Australia’s decision to temporarily halt military flights over Syria as part of the US “collective defence” of Iraq illustrates how Russia and its proxy ally Syria are becoming twitchy about how the Syrian civil war is playing out. The battle for Raqqa — Islamic State’s headquarters — is entering its final phase, with the Kurdish People’s Protection Forces (YPG) and Free Syrian Army (FSA) closing in on remaining IS fighters in the city.
Across the border in Mosul, a similar scene is playing out, as Iraqi Armed Forces and the Kurdish Peshmerga close in on some hundreds of increasingly beleaguered IS fighters holed up in an ever smaller section of the old city. The battle for Mosul is expected to be Iraq’s last major set-piece battle against IS and will further stamp the authority of the Peshmerga on Iraq’s Kurdish north.
Set against a likely victory in Mosul, the Kurdistan regional government has announced it will hold a ballot on independence on September 24. That ballot is expected to vote overwhelmingly in favor of establishing a new, independent Kurdistan.
Back in northern Syria, the Assad regime in Damascus is watching with dismay as the FSA and YPG, supported by around 500 US special forces, secure the northern city, with Syrian forces also watching on from a helpless distance. Raqqa is deep inside rebelheld territory, to the north controlled by the FSA and to the south by IS.
Knowing that the FSA and YPG are closing in on Raqqa and, hence, about to establish their own new headquarters, two days ago the Syrian regime sent an ageing Sukhoi SU 22 fighter bomber to strike at FSA positions. In an act of “collective defence”, a US F/A18 shot down the SU22, killing its pilot.
Russia has since announced that it will track foreign aircraft in Syrian airspace, with those in western Syria becoming “targets”, hence Australia stepping away from that air theatre until that issues is resolved.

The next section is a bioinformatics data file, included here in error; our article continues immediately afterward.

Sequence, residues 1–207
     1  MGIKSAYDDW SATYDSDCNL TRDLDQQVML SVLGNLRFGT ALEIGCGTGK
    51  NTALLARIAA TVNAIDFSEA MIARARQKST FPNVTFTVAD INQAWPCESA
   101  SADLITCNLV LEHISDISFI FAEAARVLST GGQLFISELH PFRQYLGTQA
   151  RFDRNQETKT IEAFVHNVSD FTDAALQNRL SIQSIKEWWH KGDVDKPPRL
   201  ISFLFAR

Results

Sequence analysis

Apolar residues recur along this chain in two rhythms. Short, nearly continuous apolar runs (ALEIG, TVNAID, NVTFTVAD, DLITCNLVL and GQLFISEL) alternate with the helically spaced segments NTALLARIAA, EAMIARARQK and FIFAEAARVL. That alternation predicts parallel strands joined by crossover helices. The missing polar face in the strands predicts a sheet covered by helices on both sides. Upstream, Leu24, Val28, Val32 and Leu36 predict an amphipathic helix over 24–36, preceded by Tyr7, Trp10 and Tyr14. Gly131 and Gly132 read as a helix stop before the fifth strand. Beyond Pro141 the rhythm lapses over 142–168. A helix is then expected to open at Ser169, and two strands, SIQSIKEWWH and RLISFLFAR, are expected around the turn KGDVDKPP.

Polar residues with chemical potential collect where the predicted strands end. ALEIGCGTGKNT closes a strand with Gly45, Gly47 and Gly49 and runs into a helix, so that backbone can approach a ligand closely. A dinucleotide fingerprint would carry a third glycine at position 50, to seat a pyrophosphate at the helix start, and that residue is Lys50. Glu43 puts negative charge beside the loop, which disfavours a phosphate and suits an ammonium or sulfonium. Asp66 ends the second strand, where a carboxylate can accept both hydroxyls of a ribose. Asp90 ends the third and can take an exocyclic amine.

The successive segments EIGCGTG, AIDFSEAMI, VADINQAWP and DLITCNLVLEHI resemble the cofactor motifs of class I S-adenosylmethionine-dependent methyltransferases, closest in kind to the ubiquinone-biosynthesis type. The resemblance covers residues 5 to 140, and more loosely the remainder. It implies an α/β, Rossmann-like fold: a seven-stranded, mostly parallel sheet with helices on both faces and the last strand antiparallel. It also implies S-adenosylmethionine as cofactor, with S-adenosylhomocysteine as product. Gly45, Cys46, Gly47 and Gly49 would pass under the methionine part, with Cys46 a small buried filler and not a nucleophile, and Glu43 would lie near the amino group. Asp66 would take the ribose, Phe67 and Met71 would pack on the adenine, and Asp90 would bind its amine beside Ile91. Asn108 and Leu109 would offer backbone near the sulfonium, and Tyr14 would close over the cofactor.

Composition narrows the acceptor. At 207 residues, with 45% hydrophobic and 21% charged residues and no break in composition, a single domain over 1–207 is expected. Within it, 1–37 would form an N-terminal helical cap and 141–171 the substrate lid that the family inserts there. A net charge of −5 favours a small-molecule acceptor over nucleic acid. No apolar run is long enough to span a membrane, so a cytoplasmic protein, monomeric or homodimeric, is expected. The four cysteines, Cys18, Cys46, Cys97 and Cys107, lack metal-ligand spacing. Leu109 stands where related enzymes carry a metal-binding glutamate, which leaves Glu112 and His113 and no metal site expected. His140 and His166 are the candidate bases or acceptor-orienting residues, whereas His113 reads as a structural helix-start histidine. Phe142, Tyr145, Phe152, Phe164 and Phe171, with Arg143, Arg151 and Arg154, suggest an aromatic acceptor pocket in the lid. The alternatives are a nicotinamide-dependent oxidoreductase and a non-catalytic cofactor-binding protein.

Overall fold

The almost inevitable fall of Raqqa and Mosul will put the north of Iraq and Syria under Kurdish control, linked across the two countries’ insubstantial border. Despite its own losses, the long fractured Kurdish territory is looking to be the winner in all this, with its forces the most competent of any in the region and its hold on territory the strongest.
The FSA will be left to carve out ground further south and east in the country. While Russia remains Syria’s key backer, the Assad regime is unlikely to fall to the FSA, but its earlier gains after Russia entered the war have since slowed.
While Syria is looking to be heading towards a longer-term stalemate, Iraq’s government is solidifying its control on all but the Kurdish north. The Kurdish state that is emerging there is making neighboring Turkey nervous, given Turkey’s own restive Kurdish population.
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Kurdish control to the south of much of Turkey’s border also runs counter to Turkish leader Recep Tayyip Erdogan’s desire to expand Turkish influence in the Middle East. The latest manifestation Turkey’s intended regional influence is its alliance with and sending troops to Qatar.
This posits a Turkish-Qatari alliance in opposition to Saudi Arabia and Egypt over such issues as support for the Muslim Brotherhood, Hamas, warring factions in the Yemeni civil war and, not least, groups fighting in Syria.
With Iran supporting Syria’s Assad regime, Hezbollah and seeking to influence Iraq’s Shia Muslim majority, the Middle East is now divided between three local powers fighting proxy wars. The outcome of this three-cornered contest is likely to be a realignment of functional boundaries reflecting such influence.
While the Kurdish autonomous region remains as part of Iraq, and presumably Syria, Turkey will remain reluctant to directly invade. But should an independent Kurdistan come into being, a direct military intervention is much more likely.
Apart from the continuing horrific implications for civilians on the ground and the diminution of former state borders, all of this leaves the United States in a decidedly awkward position in the Middle East. The US’ alliances with Turkey, via NATO, Saudi Arabia, Qatar and Iraq, and its support for the FSA and YPG, are already unstable.
It will take very little from here to see US interests in the region caught up in, and subsumed by, a three-sided fight for regional supremacy. That contest will be significantly more complex and wider in scope than wars that have already torn apart much of the Middle East, in which the US and its external allies, including Australia, appear to have an open-ended commitment.
* Damien Kingsbury is professor of international politics at Deakin University